Other remnants of the past have been found during the recent renewal efforts in the area. In the Providência community of the Gamboa neighborhood, renovation has uncovered a vast cemetery of African men, women, and predominantly children and infants who either died on the trans-Atlantic journey to Brazil, or arrived too weak. Now standing at that site is the Memorial Pretos Novos, a community-captained museum-memorial to those who died in Brazil’s “Black Holocaust.” Unearthed documents reveal a missionary’s letter detailing the burial practices. “Without coffins, and oftentimes without the tiniest bit of clothing, [the children] are thrown into a pit not even two feet deep.” The city of Rio de Janeiro has failed to highlight this horrid yet important historical discovery, just as it has neglected the port region for years.
As time rolled forward and slavery faded away from the Brazilian legality and memory, businesses left the region. Empty buildings and street corners nearer to the coast, and the old colonial houses on the hill became homes for poor, often black, Brazilians. The land that these homes, formal and informal, sit on is poorly integrated onto the city’s utility grid. Coupled with the dilapidated exteriors of the historical homes and the lack of investment, land here is cheap. Here, many of Rio’s poor, black citizens have pushed against the inequitable system to live fulfilling lives, but these systematically disadvantaged people may now be under the control of Rio’s wealthy again as the Porto Maravilha project proceeds.
The project, a restoration effort set to finish in time for the coming Olympic Games in Rio, includes a complete rua-a-rua renewal of the area with the goal of promoting new residents by moving traffic underground, creating large open promenades and bike roads, shopping areas, and intense greening including a proposed 15,000 trees, in addition to updating local infrastructure to expand access to and improve provision of water, electricity, and sanitation services. The essential question lies in how this project will be run, and for whom the improvements are made.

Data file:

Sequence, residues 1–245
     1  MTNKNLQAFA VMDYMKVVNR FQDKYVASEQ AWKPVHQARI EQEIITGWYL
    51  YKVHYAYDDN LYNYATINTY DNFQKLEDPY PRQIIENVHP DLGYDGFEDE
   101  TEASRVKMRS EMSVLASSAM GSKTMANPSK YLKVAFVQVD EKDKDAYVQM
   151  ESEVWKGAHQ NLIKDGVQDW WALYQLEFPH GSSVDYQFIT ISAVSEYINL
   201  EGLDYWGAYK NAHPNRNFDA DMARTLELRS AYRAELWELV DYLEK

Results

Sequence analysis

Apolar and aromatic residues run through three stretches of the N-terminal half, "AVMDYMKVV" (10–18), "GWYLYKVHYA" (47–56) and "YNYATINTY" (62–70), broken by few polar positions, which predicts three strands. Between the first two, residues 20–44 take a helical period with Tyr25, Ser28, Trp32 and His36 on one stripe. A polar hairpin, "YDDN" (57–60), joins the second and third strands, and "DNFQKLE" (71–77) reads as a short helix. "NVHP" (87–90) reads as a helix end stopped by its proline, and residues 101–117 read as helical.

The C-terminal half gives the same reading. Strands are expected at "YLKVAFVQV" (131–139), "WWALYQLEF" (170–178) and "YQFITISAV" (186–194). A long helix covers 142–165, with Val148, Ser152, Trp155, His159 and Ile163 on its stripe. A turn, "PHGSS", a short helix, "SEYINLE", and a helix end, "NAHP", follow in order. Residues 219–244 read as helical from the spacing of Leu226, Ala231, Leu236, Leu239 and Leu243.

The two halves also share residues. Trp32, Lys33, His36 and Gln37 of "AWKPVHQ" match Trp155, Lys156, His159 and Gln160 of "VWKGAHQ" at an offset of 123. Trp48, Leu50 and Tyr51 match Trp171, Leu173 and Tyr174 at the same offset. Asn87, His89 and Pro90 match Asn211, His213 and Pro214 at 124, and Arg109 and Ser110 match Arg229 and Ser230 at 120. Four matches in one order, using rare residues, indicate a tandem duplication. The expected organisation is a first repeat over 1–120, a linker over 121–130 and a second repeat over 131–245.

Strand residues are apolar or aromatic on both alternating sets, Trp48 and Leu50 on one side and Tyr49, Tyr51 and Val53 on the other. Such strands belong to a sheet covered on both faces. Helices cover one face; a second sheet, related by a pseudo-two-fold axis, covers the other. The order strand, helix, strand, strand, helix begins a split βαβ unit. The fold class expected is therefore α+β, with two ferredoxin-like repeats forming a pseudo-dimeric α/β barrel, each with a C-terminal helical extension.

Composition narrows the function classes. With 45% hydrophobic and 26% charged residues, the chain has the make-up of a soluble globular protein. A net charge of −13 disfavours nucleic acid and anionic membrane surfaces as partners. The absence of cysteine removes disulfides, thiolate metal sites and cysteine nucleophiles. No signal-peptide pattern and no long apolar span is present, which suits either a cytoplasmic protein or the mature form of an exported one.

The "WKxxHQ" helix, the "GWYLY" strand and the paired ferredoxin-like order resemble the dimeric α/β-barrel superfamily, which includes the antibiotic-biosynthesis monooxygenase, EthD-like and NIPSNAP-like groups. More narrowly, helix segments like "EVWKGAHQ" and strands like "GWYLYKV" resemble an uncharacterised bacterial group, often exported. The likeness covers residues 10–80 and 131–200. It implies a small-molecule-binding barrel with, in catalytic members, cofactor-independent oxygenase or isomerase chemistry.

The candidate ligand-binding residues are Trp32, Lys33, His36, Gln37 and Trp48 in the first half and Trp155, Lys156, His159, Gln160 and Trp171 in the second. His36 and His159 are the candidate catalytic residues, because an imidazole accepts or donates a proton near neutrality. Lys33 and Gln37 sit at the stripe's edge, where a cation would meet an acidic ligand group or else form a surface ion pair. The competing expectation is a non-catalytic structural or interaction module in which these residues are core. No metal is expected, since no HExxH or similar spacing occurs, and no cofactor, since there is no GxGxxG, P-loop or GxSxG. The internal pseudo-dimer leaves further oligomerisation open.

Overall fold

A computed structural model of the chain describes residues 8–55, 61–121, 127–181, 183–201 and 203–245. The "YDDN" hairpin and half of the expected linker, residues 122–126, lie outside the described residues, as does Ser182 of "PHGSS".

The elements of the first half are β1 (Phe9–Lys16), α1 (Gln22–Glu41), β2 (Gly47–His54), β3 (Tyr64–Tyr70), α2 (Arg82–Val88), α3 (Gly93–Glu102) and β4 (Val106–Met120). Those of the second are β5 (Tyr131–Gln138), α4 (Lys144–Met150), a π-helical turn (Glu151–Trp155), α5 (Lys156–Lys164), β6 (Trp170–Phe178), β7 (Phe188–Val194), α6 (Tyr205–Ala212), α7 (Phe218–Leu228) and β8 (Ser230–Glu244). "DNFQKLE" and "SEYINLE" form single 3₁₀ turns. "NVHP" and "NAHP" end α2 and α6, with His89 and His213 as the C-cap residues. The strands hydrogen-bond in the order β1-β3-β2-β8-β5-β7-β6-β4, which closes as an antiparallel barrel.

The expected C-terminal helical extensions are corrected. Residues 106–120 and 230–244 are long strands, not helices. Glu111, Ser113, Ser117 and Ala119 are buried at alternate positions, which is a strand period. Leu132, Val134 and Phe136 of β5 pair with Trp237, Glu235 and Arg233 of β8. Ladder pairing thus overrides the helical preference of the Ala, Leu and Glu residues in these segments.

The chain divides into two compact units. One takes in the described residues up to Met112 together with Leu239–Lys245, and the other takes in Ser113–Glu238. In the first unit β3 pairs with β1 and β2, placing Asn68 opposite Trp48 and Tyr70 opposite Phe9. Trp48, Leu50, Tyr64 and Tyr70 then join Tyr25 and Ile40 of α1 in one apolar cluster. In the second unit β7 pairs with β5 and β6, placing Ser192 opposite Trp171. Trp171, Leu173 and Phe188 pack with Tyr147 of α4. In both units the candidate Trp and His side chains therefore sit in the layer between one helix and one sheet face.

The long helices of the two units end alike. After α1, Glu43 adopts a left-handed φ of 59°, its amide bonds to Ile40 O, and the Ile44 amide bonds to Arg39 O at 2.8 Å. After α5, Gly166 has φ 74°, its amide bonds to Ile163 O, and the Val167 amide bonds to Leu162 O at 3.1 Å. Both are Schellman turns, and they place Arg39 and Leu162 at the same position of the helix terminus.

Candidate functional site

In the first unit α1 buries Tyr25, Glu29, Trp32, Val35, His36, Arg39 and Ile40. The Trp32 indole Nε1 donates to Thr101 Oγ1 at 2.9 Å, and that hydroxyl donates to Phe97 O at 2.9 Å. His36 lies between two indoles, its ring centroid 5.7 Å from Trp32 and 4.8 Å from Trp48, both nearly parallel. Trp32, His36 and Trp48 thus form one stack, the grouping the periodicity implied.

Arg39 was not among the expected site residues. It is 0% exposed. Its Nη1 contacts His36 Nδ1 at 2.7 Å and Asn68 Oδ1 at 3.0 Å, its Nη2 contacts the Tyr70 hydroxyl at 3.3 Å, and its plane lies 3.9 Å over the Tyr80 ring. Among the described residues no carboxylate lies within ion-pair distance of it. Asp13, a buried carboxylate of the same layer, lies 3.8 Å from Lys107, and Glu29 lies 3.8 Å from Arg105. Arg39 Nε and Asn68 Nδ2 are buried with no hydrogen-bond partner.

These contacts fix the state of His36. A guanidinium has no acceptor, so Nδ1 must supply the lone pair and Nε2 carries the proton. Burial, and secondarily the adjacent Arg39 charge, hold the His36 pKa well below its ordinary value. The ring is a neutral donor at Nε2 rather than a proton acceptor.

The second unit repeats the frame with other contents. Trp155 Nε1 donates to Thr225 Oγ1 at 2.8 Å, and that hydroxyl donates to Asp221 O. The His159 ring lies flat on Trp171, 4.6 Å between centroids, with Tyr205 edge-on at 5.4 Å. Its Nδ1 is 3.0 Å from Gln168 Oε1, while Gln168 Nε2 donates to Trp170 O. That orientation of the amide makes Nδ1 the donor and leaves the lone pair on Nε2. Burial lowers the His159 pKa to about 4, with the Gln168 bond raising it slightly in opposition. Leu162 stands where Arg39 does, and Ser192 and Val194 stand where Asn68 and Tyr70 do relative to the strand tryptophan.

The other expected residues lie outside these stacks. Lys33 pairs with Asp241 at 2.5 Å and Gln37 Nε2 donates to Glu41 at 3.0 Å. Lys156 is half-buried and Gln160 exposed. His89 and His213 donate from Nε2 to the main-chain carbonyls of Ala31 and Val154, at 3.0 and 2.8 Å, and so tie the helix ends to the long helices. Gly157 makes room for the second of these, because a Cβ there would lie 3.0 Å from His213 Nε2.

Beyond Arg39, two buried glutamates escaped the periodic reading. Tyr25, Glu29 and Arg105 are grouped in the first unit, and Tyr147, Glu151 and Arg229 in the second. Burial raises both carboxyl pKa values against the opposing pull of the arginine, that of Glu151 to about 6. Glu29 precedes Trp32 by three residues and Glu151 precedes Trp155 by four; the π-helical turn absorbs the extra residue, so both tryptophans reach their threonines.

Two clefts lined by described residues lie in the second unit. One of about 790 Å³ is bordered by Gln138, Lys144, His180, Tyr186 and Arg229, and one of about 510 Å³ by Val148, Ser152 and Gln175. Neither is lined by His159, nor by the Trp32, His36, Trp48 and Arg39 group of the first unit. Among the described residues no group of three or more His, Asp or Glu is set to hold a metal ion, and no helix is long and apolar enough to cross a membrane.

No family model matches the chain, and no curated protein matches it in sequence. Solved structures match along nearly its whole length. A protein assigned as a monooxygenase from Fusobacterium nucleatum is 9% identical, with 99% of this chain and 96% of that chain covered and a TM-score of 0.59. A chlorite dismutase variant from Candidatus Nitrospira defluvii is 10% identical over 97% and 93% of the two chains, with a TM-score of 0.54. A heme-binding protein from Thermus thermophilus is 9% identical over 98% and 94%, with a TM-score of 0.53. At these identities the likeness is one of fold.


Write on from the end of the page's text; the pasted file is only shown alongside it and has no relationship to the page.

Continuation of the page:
This region is a home for many low-income residents of Rio and an historical site of struggle and remembrance for the oppressed peoples of Brazil. While the city protects select historical sites, in the whirlwind of development subsidy and investment, will the hill’s historical inhabitants be swept away? Firstly, there are fears of the project’s management.
The work has been contracted out already, and while there are publicly available quarterly reports, transparency doesn’t exempt the firms united under the name CDURP from the corruption common in Brazilian projects or the frequency with which projects simply end unfinished. On the other end, while this new investment will bring jobs and infrastructure, many of the current residents fear being priced out of their homes, especially with hundreds in Providência already slated for removal. While CDURP has had many conversations with local stakeholders and offers property tax exemptions for those who let their houses be improved under the Porto project, there are still many unforeseeable negative externalities possible.
The Morro da Conceição and Região Portuária were nuclei of colonial life and are still vibrant places full of vitality. But, changing conditions and relationships has transformed the identity of the area as time has passed. As the area is remodeled we must ask, which modes and memories of life and living, which identities will Rio de Janeiro support?